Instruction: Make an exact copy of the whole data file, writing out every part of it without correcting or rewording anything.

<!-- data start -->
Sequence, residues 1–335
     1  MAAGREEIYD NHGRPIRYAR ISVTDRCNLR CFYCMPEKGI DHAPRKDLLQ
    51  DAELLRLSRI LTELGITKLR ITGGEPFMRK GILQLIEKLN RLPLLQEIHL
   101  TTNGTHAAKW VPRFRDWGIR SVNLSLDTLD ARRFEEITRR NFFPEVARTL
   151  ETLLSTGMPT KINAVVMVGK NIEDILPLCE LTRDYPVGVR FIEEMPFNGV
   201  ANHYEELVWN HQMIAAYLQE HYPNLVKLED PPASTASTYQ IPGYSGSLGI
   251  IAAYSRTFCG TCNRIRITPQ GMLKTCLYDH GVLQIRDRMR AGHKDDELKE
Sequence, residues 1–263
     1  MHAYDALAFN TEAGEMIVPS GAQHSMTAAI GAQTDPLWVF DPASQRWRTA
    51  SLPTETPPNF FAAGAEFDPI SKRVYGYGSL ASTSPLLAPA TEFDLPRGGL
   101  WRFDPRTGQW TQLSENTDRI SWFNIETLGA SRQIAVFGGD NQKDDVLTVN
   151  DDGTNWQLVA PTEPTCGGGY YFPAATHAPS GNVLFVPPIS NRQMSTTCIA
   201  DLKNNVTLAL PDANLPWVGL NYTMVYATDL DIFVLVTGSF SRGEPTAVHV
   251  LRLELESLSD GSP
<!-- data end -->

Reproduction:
Sequence, residues 1–335
     1  MAAGREEIYD NHGRPIRYAR ISVTDRCNLR CFYCMPEKGI DHAPRKDLLQ
    51  DAELLRLSRI LTELGITKLR ITGGEPFMRK GILQLIEKLN RLPLLQEIHL
   101  TTNGTHAAKW VPRFRDWGIR SVNLSLDTLD ARRFEEITRR NFFPEVARTL
   151  ETLLSTGMPT KINAVVMVGK NIEDILPLCE LTRDYPVGVR FIEEMPFNGV
   201  ANHYEELVWN HQMIAAYLQE HYPNLVKLED PPASTASTYQ IPGYSGSLGI
   251  IAAYSRTFCG TCNRIRITPQ GMLKTCLYDH GVLQIRDRMR AGHKDDELKE
Sequence, residues 1–263
     1  MHAYDALAFN TEAGEMIVPS GAQHSMTAAI GAQTDPLWVF DPASQRWRTA
    51  SLPTETPPNF FAAGAEFDPI SKRVYGYGSL ASTSPLLAPA TEFDLPRGGL
   101  WRFDPRTGQW TQLSENTDRI SWFNIETLGA SRQIAVFGGD NQKDDVLTVN
   151  DDGTNWQLVA PTEPTCGGGY YFPAATHAPS GNVLFVPPIS NRQMSTTCIA
   201  DLKNNVTLAL PDANLPWVGL NYTMVYATDL DIFVLVTGSF SRGEPTAVHV
   251  LRLELESLSD GSP